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US scrap export prices slide again

Keywords: Tags  ferrous scrap, scrap exports, HMS, heavy melt, shred, Sean Davidson

NEW YORK — Two West Coast bulk ferrous scrap sales to South Korea have sent U.S. export prices down for the second straight week.

Barely days after the results of a benchmark tender in Japan sent prices of containerized scrap tumbling (, Jan. 15), market participants said bulk sales suffered a similar fate.

Sources said two exporters each sold one bulk cargo to one of Korea’s largest consumers at $385 per tonne c.i.f. Korea on a No. 1 heavy melt basis—$23 per tonne lower than the price paid by the same consumer just before Christmas and about $9 lower than sales to Taiwan reportedly concluded earlier this month (, Jan. 13).

"The biggest influence was the Kanto tender," said one market participant, referring to a monthly benchmark tender released by scrap dealers in the Kanto region of Japan. The Jan. 15 tender was $17 below the previous month, instantly putting regional scrap prices under pressure.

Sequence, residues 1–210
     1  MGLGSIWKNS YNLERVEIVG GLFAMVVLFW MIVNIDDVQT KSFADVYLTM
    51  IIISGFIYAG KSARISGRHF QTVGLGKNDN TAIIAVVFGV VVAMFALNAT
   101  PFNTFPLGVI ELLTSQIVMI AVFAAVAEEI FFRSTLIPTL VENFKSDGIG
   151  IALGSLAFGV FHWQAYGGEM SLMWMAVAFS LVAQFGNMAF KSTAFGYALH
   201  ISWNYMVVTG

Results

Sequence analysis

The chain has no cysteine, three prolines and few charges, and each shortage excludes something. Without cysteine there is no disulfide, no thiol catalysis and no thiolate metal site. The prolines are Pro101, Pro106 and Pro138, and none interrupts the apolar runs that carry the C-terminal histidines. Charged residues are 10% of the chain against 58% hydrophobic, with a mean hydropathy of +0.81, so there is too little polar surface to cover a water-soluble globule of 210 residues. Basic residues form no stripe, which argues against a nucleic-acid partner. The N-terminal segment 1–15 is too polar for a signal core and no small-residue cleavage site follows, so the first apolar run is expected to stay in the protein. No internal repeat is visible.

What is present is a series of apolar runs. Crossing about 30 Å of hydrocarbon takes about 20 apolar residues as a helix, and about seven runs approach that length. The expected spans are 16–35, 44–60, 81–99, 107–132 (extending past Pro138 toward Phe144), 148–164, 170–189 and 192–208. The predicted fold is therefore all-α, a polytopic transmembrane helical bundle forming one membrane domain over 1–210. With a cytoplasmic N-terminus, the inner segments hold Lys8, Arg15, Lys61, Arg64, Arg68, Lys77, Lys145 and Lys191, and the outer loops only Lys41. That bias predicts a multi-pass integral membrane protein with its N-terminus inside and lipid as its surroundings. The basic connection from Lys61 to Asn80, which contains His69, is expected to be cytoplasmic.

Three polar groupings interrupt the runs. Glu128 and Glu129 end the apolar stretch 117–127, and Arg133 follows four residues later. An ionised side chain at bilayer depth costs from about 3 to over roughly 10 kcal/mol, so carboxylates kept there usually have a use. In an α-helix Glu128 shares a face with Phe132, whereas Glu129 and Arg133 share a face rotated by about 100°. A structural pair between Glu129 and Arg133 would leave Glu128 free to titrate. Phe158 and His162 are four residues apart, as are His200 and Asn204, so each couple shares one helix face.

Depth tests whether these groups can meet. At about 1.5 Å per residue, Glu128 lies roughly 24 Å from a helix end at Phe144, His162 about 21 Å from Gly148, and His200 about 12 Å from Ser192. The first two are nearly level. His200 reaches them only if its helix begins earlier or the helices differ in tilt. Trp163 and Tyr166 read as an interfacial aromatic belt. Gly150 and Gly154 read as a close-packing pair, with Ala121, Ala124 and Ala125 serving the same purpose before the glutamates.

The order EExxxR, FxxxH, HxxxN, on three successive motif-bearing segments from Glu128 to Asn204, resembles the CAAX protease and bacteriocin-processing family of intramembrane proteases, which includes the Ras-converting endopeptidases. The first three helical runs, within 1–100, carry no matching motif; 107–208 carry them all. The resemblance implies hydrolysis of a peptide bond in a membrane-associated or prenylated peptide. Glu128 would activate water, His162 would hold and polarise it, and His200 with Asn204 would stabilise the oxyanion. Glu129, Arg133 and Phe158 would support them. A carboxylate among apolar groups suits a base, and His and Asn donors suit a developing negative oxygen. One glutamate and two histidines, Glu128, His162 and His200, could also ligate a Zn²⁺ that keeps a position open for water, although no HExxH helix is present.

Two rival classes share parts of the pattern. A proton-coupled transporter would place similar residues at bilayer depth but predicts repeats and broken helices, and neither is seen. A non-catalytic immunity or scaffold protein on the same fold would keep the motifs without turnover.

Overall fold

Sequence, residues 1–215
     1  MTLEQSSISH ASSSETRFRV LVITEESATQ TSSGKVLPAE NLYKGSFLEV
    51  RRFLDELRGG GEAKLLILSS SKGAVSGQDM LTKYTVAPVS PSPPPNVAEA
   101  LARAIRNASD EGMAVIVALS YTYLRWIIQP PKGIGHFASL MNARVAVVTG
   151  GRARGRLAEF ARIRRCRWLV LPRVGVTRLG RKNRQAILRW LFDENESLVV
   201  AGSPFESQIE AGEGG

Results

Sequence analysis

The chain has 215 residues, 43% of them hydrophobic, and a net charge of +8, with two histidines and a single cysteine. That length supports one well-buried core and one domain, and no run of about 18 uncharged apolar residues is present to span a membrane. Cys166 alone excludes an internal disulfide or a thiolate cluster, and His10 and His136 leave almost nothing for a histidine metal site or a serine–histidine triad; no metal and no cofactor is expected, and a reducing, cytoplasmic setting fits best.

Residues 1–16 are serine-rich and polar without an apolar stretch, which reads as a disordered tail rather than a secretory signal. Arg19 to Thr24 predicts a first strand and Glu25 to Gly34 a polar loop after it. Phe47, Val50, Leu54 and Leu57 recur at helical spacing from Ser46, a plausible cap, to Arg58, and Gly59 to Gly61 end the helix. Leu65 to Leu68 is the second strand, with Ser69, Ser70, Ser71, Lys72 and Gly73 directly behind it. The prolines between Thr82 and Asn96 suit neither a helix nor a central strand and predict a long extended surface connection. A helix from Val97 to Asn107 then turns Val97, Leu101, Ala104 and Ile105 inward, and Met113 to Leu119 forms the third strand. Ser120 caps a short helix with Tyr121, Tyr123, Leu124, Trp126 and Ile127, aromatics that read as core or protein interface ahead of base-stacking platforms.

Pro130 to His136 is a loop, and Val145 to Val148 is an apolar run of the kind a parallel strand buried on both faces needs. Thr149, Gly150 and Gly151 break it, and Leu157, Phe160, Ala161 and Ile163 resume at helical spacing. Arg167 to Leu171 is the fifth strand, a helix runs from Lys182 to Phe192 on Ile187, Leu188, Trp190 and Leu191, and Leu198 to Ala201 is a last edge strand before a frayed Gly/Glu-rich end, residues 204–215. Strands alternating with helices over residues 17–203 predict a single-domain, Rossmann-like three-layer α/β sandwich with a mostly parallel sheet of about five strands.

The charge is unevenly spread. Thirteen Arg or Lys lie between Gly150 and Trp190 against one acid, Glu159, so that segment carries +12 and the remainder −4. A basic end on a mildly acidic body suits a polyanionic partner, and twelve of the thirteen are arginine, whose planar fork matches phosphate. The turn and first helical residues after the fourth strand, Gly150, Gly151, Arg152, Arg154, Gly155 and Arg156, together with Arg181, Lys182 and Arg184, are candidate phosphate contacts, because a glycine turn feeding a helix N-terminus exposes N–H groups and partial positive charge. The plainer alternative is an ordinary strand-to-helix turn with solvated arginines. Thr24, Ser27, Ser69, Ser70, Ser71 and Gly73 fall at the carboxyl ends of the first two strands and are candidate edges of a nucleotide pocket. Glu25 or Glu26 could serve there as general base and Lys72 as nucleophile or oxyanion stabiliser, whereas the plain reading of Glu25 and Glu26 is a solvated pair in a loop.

"After that tender the market has really changed. The $23 drop in Korea will encourage buyers to try to drive down prices from Japan and Russia a little more since there is some more room between the Kanto tender and the Korean bulk deals," he said.

Sources familiar with the latest West Coast bulk sales to Korea said U.S. exporter offers first came in at $390 per tonne for No. 1 HMS, with one exporter reportedly offering the scrap at $410.

The cargoes reportedly traded at the Korean consumer’s bid of $385 per tonne, with one exporter booked for 45,000 tonnes of scrap and the second for 40,000 tonnes. Both cargoes will include a mix of heavy melt, shredded scrap estimated at $390 per tonne, and plate and structural scrap estimated at $395 per tonne.

A Korean market participant said prices needed to come down to engage Korean producers that are struggling to find demand for finished products. "There is no construction in Korea and no demand in Korea for rebar or HRC. I think first-quarter steel production in Korea will drop by about 10 percent," he said.

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